Although I’ve shared the many reasons why I love the new character developments in the latest season, I think a few of the other major characters needed way more love — especially the students of color.

Asians and Arabs continue to exist as the supporting characters to white protagonists

I was so terribly disappointed, annoyed, and tired to see yet another Netflix show that fails to portray Asian and Arab characters. Does Netflix think that there’s not a single Asian or Arab who lives in the U.K.? Anwar (Chaneil Kular), Olivia (Simone Ashley), Miss Emily Sands (Rakhee Thakrar) and Rahim (Sami Outalbali) simply exist to support the main white characters since Season 1. Anwar and Olivia support Ruby (Mimi Keene) emotionally and socially in an unbalanced, power dynamic. Olivia holds Ruby’s bag at school, and Olivia and Anwar visit Ruby at Ruby’s house after her breakup with Otis. Audiences don’t know who they are as students, nor what their hobbies and interests look like. They’re simply boring characters, which is upsetting because the two British Indian actors are exceptionally talented. Simone Ashley has a pivotal role in the upcoming season of Netflix’s Bridgerton, so at least she’s getting some recognition in another space. However, she’s still going to exist in a white-dominated and controlled space in a period drama that ignores the concept and realities of race, racism, and colonization.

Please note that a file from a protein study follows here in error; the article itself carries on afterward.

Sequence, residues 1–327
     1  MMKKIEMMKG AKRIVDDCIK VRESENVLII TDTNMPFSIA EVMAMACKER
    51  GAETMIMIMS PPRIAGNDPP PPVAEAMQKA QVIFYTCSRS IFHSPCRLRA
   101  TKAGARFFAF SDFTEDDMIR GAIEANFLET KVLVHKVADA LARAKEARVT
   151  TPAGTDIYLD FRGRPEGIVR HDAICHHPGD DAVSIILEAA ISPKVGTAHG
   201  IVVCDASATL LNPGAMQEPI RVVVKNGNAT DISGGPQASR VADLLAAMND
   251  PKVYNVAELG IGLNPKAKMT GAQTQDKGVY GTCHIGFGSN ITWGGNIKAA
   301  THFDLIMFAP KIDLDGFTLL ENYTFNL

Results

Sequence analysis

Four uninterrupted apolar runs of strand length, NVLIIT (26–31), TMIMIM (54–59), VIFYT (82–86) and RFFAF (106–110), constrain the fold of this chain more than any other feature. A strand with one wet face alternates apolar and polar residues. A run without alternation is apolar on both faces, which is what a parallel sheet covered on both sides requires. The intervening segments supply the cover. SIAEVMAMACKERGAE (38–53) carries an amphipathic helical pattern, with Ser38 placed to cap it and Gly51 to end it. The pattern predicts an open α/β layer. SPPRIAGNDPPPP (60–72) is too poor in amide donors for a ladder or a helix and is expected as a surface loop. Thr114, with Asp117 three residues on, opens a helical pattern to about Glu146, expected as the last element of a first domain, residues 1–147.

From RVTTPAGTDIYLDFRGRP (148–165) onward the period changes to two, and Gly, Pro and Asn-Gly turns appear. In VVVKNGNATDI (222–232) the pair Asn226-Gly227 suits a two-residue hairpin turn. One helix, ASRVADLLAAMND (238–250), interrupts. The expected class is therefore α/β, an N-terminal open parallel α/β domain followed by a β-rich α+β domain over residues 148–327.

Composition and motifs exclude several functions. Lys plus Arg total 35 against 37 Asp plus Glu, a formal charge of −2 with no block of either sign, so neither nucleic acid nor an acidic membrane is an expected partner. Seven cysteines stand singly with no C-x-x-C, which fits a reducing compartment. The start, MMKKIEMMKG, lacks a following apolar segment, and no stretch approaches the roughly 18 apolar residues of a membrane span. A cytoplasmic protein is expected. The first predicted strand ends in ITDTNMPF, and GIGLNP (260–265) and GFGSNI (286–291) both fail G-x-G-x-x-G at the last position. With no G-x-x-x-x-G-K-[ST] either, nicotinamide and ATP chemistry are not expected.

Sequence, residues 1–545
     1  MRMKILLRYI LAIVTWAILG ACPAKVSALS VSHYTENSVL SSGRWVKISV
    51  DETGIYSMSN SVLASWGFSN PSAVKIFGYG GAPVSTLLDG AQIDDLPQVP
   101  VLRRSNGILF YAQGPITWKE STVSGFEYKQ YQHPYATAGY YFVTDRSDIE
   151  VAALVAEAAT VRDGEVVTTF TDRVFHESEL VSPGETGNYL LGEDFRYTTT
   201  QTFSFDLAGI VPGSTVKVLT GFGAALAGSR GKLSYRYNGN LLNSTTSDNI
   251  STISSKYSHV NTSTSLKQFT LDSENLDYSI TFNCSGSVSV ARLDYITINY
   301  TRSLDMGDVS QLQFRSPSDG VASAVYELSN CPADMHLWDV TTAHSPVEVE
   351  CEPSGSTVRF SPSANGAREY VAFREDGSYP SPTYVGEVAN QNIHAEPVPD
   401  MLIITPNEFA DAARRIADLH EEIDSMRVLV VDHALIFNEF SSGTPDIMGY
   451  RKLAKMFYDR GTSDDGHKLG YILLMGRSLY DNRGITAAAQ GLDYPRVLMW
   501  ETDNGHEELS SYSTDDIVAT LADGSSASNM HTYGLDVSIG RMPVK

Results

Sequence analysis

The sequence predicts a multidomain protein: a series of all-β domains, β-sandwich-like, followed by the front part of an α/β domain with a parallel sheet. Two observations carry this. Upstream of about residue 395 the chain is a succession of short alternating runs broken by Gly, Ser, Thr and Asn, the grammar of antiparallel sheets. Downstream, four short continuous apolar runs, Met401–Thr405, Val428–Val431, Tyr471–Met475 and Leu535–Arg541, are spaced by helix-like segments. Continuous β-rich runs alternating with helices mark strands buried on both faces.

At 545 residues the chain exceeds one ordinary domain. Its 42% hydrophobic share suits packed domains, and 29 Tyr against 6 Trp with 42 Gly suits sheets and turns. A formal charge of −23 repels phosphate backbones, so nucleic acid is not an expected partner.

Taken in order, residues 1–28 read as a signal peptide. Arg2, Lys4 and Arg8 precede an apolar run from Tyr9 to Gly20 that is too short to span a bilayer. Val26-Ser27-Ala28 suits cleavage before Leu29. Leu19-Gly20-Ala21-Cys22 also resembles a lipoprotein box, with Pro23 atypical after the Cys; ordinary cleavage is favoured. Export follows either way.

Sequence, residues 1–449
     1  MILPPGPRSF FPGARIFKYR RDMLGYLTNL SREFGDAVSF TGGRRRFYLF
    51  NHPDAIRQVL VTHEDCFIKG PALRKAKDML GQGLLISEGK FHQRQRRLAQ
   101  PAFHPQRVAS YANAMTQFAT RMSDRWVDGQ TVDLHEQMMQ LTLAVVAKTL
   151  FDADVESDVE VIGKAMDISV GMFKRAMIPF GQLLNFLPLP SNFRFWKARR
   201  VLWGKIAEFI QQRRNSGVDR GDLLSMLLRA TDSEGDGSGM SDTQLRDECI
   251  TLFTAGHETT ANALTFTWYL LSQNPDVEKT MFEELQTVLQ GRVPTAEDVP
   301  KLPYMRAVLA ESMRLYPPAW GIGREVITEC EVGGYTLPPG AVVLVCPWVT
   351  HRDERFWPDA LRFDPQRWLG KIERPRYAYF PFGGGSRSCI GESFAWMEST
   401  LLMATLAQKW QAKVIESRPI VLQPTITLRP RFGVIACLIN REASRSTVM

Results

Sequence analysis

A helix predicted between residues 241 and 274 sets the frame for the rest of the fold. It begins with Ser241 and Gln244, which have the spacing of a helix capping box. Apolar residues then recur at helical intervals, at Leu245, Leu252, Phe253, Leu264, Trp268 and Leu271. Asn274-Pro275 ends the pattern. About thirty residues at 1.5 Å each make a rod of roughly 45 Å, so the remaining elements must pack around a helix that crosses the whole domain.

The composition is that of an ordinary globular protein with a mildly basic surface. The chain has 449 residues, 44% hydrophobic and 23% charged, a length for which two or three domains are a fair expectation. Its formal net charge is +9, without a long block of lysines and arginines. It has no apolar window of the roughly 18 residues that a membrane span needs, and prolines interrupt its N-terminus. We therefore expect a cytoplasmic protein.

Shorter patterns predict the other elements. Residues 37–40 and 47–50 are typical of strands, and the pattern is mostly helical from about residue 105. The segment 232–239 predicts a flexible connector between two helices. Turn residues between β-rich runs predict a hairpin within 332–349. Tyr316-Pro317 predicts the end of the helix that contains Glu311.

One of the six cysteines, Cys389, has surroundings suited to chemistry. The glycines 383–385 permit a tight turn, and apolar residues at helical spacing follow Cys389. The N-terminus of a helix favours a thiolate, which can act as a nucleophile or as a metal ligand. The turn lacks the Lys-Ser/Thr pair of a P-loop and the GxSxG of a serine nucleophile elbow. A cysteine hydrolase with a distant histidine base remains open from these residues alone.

Also, why is Netflix so obsessed with coupling Asian women with white men? There are so many Asian women in real life who are in interracial relationships with non-white men. I think Miss Sands can do so much better than the music and choir teacher, Mr. Hendricks (Jim Howick). It’ll be so refreshing to see her possibly become the new headmistress in the upcoming season, rather than a teacher that visibly only supports white students.

Rahim’s story arc in Season 3 has to be the most disappointing of any Arab character in any Netflix series. I think that his personality is so unbelievably cool, and it’s so radical to see a gay Arab man on television. I am assuming that he is of Moroccan heritage because of his last name, so I am annoyed that his identity as a French immigrant takes center stage. In addition, the writers did embed some hinted Islamophobia in his character's background story. When Eric asks Rahim why he is not religious (Season 2), Rahim implies that his previous religion (which I’m assuming is Islam) destroyed his country and led him and his family to take refuge in France, so he doesn’t practice it anymore.